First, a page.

i dont rly get the necessity of the bird angle, and i feel like it should be more, but it doesnt rly lend itself to be anything interesting. it ends up jsut being a thing thats there and kinda talked about, but doesnt add anything of true value to the story. its also not rly clear on whether or not if its like regular dudes with wings, or weird bird people, or actual birds, or something else. besides that, this story feels like it’s banking on “people with wings” to carry its generic plot of generic characters that dont rly have any interesting or fun or intriguing or meaningful personalities. its just like omg i gotta chase this guy oh no he got a way oh shucks and i dont rly care because i have no reason to care about what these people want.


this feels like something that needs a lot of editing to rly whip up into what is, at its core, something decently interesting. there’s a couple of rly interesting parts that needed to land, especially the “i murder all of those americans” line. im unsure if it was shortened because u were trying to hit the word count or trying to undercut the horribleness of the action, but i think emphasizing it wouldve been stronger, more interesting, and rly help cement the tone of the piece. i think there’s some decent ideas, but the execution is wanting. the ending… doesnt quite make sense? like why does the japanese kid know his name and is so willing to explain everything that happened? the ending also just happens too quick, and i feel like this piece needs to breathe outside of the word count to rly get going. im not sure what a final draft of this looks like, but it can be something interesting.

Jan 23, 2004

college kids ain't shit

Fun Shoe
Thanks flerp!

Dec 30, 2011

I wanna sing one for the cars
That are right now headed silent down the highway
And it's dark and there is nobody driving And something has got to give

In, toad, :toxx: for one of each

let's do this

Quartz Crusher
Apr 1, 2020
In with jackrabbit and a philosophy

Jul 2, 2007

There's no need to rush to be an adult.

Thanks for the crit, Flerp. I need to remember that just because I know the backdrop, I still need to make that matter in my story. Info in my head isn't info in anyone else's, and it hurts my story not to grasp that.

Also, getting back on that horse. Count me in, as a Goat with philosophy and fallacy. And, yes, :toxx:

J.A.B.C. fucked around with this message at 05:45 on Apr 29, 2020

Apr 12, 2006

Antivehicular posted:

In, toad, :toxx: for one of each

let's do this

Your philosophy is eliminative materialism. Your fallacy is tu quoque.

Quartz Crusher posted:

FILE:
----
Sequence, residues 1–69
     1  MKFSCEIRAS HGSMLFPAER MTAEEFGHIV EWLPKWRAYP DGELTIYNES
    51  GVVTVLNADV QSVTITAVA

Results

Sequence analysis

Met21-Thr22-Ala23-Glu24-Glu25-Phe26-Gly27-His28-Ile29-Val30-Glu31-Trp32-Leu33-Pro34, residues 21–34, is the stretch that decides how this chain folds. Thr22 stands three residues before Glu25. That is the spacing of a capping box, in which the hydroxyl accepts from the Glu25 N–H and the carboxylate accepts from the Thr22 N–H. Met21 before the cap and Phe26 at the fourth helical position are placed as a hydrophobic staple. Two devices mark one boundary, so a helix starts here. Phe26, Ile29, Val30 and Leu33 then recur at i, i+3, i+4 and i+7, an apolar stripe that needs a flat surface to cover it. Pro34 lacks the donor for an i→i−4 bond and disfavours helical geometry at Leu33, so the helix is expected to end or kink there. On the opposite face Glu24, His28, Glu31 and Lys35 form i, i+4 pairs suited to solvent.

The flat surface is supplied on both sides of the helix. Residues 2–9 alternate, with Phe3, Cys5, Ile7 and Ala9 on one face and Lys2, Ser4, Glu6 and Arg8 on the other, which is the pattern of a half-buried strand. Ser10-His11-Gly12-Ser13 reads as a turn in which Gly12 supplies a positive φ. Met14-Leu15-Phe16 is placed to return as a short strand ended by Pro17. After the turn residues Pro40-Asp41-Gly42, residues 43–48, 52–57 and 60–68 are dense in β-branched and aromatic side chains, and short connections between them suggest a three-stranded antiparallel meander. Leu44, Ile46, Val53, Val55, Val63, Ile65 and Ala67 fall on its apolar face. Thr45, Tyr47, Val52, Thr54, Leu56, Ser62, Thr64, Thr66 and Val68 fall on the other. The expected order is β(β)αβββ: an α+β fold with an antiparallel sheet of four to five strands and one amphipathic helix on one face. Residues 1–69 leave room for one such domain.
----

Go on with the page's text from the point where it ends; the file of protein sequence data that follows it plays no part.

In with jackrabbit and a philosophy

Your philosophy is populism.

J.A.B.C. posted:

Thanks for the crit, Flerp. I need to remember that just because I know the backdrop, I still need to make that matter in my story. Info in my head isn't info in anyone else's, and it hurts my story not to grasp that.

Also, getting back on that horse. Count me in, as a Goat with philosophy and fallacy.

:toxx: up then.

Jul 2, 2007

There's no need to rush to be an adult.

Edited my post to show the :toxx:

Apr 12, 2006

J.A.B.C. posted:

Edited my post to show the :toxx:

Your philosophy is transcendentalism. Your fallacy is no true scotsman.

Something Else
Dec 27, 2004

to ride eternal, shiny and chrome

Hogs :toxx:

Apr 12, 2006

Your philosophy is British idealism. Your fallacy is ignoratio elenchi.

The Saddest Rhino
Apr 29, 2009

Put it all together.
Solve the world.
One conversation at a time.

in, flash me a philosophy

Apr 12, 2006

The Saddest Rhino posted:

in, flash me a philosophy

Your philosophy is Italian futurism. Which one could argue is a bit more of an artistic movement rather than a true philosophy. If you would argue such, PM me and I'll assign you something different. But I think it's neat and could make for some interesting writing.

Jan 23, 2004

college kids ain't shit

Fun Shoe
In, mouse :toxx:

Apr 12, 2006

Chili posted:

In, mouse :toxx:

Your philosophy is utilitarianism. Your fallacy is traditional wisdom.


Sitting Here
Dec 31, 2007
What's all this then?

:toot: Thunderdome has a zine now! :toot:

The above link is work and family-safe.

We selected 12 stories out of those contributed by writers in TD. This was the seat-of-our pants effort, so a huge thank you to those who have been patiently bearing with us! Shout out to Steeltoedsneakers, who actually made this happen, and our assistant editor, Obliterati!

Issue two will feature

  • A submission form!
  • A team of motivated editors!
  • Formal acceptances/rejections, just like a real magazine!
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Keep your eyes on the thread for more info.